4. Speak clearly and avoid the “Yeahs, Ummms, and Likes”
If you need to briefly pause and think about your answer before responding, take the time to do it. The interviewer may need you to be a representative of the company, and depending on how you present yourself, speech included, your casual way of speaking may be off-putting. “Umms” and “Like” are fillers that can be reduced by practicing your answers beforehand. I am guilty of the “Yeah” abuse, but in an interview, the answer is always “Yes”.
5. Dress Appropriately
You can never go wrong with a button-down/blouse and dress pants/conservative skirt. This rule can be modified from company to company. Some company cultures prefer very professional attire. If that’s the case, then suit jackets and ties should be worn. Everyone can benefit from having at least one great suit in their closet. If the office is more casual, perhaps replace the dress pants for some khakis. Research the company and try to match what the manager would be wearing. Ask ahead of time if you think you may be touring any facilities that may require boots, a hardhat, or similar special circumstances. In general, I don’t know of a time where shorts, flipflops, sweatpants, anything low-cut, or anything revealing could be considered acceptable interview attire. Try on your outfit ahead of time to ensure proper fit, and remember: you want to be noticed for what you said, not what you wore. For more on this topic, check out Uriela’s blog post about appropriate interview attire.
If you have questions or concerns about these suggestions or anything related to your upcoming interview, please drop us a line in the comments below!
[All gifs thanks to giphy!]
If you’re broadening your job search and open to relocation, you may be applying to places hundreds (or thousands!) of miles away. In these cases, it is not always financially possible to meet and have an in-person interview. Skype interviews are becoming more common for long distance candidates. If you have yet to participate in one, here are a few tips to consider-
1. Have a professional username– Just like an email address and voice mail greeting; keep your username simple and professional. If you are embarrassed to share your Skype ID with an employer, create a new registration and change your username.
2. Ensure your equipment is functioning – Skype has many test features for you to see if your microphone’s quality will be effective during the interview. Check to see if you can transmit both audio and images. Test this at least a few days ahead of time with a colleague in case you find out your microphone needs to be replaced, or any various other technical glitches. You can expect technical glitches during the interview, but preparation and practice ahead of time will save you some of the hassle.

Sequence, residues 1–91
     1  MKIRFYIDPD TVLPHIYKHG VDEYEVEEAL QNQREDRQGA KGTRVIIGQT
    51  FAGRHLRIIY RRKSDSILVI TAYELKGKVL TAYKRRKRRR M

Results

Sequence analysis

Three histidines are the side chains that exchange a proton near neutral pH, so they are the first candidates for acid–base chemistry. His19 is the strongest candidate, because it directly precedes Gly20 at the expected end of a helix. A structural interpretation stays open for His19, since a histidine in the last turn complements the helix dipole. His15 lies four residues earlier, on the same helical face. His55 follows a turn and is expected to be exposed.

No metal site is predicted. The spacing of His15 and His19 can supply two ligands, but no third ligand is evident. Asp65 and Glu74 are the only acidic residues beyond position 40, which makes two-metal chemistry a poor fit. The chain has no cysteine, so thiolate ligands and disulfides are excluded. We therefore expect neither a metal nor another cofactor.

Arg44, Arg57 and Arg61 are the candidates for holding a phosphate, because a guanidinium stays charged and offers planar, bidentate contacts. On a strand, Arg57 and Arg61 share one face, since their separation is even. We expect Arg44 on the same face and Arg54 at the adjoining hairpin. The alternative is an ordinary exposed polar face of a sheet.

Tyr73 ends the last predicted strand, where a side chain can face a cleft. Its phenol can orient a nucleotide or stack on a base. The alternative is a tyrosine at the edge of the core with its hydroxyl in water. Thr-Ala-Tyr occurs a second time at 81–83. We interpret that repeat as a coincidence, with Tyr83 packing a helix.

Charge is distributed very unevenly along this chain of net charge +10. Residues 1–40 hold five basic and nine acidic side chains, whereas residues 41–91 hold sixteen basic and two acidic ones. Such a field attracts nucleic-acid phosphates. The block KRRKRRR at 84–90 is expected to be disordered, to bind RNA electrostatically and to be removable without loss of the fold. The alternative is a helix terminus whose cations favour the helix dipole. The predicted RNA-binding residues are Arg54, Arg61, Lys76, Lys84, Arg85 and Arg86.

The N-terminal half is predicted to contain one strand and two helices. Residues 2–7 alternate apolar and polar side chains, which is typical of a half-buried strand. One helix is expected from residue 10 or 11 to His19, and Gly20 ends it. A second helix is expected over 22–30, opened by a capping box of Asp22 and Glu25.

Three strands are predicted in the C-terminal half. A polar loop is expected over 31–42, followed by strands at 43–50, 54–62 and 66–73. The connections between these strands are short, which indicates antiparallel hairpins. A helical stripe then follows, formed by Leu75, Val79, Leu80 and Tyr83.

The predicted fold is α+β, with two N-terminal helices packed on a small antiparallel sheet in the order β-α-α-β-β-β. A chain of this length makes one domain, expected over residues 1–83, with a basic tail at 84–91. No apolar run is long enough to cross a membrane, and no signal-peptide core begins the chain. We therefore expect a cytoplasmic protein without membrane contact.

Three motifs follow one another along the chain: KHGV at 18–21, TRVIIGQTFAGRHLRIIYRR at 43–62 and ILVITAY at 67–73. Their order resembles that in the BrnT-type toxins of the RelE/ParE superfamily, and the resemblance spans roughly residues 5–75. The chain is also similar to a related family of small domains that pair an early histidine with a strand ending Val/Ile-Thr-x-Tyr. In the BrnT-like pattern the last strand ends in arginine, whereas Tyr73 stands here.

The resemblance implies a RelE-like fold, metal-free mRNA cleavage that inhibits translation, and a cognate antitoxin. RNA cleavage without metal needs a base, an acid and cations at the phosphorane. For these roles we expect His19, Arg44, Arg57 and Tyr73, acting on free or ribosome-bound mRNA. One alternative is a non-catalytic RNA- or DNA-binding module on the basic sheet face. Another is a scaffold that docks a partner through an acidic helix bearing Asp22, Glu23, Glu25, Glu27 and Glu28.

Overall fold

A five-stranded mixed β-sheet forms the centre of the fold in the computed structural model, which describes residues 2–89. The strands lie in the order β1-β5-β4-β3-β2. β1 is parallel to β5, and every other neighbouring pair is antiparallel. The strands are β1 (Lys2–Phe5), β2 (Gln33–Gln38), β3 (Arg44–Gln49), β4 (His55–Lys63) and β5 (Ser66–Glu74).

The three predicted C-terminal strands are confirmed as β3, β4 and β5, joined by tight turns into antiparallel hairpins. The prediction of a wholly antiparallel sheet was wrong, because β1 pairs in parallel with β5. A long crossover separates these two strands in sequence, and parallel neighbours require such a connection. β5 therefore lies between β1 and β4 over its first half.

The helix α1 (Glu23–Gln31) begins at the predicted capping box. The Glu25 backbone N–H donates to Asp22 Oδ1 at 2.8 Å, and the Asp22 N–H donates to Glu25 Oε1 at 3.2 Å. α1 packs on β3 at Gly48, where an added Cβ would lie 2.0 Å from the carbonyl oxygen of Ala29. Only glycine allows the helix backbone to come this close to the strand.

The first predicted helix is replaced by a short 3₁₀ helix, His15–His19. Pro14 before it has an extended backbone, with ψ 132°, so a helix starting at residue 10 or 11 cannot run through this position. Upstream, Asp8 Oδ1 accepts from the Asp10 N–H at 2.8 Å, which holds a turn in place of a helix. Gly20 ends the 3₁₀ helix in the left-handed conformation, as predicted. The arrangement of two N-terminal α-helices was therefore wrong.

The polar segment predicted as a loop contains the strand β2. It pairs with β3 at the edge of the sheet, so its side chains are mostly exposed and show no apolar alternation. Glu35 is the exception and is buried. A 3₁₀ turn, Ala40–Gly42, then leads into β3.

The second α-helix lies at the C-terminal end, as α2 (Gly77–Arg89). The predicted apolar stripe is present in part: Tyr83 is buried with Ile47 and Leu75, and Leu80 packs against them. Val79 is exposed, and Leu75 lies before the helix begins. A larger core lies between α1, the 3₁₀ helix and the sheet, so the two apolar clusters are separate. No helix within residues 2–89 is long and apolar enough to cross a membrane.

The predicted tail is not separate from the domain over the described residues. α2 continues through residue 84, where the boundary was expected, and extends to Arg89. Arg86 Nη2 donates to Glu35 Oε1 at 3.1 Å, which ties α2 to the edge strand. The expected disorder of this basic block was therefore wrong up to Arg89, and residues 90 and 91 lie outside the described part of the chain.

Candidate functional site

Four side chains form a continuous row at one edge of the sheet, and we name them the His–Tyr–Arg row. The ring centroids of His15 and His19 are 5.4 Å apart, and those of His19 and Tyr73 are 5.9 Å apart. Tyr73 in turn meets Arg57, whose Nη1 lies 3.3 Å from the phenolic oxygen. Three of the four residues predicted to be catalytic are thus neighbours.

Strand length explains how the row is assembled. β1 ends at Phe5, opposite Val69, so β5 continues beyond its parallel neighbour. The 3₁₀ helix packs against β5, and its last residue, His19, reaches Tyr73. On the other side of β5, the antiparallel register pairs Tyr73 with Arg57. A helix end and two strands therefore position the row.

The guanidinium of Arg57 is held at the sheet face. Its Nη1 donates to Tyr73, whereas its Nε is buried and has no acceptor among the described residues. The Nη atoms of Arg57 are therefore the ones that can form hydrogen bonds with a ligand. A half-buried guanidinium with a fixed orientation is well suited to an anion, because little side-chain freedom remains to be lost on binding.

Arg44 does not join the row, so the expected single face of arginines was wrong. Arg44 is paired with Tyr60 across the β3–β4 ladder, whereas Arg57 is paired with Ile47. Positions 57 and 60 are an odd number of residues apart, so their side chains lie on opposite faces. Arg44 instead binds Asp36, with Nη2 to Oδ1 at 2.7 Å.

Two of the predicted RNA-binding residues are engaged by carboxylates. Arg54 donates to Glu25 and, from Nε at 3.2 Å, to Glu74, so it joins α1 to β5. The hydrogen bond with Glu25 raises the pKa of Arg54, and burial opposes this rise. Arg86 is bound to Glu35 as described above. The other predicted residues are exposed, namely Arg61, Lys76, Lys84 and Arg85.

If you are new to Skype, I recommended just getting started and talking to a friend or family member. Get used to seeing yourself in the corner of your screen if using a webcam is entirely new to you. It can be distracting, but remember- eye contact still counts! Practice looking towards the camera lens when you reply to your friend, and not right at their image (or with your eyes down, looking at your own image.) This way, you will know you can maintain eye contact during the interview.
For the technical aspect of testing the functionality of your equipment and hardware, I recommend browsing WikiHow for most issues. Skype’s website also has tutorials and FAQ sections for reference.
3. Close all other programs– Ctrl+Shift+Esc on the keyboard is a quick way to open the Task Manager. Close unnecessary programs so Skype can smooth and quickly.
4. Proper lighting and plain surroundings– Nothing is worse than the creepy factor of a low-lit room while you are Skype-ing. Play with light sources or lamps available to you and see what set up produces the best lighting so the interviewer can see you. Having plain surroundings will also help them focus on you alone, and not your personal items, posters, or shelves filled with collectibles or family photos. If you are using a PC and it is too difficult to move these items, try putting up a curtain or backdrop as a quick fix.
“A cluttered background may distract your audience, not to mention send the wrong idea about your organizational skills. Also, rid the area of personal items- no need to share too much information. A blank or neutral background is best, with a well-organized desktop.”
-Forbes “7 Ways to Nail a Skype Interview” April 2013
5. Treat this like an in-person or telephone interview– Schedule a block of time without any distractions and in a quite environment. Have a glass of water and your company research notes nearby for reference. Dress professionally and practice your previously prepared interview responses. Most importantly, take a deep breath, smile, and show your excitement for this potential opportunity!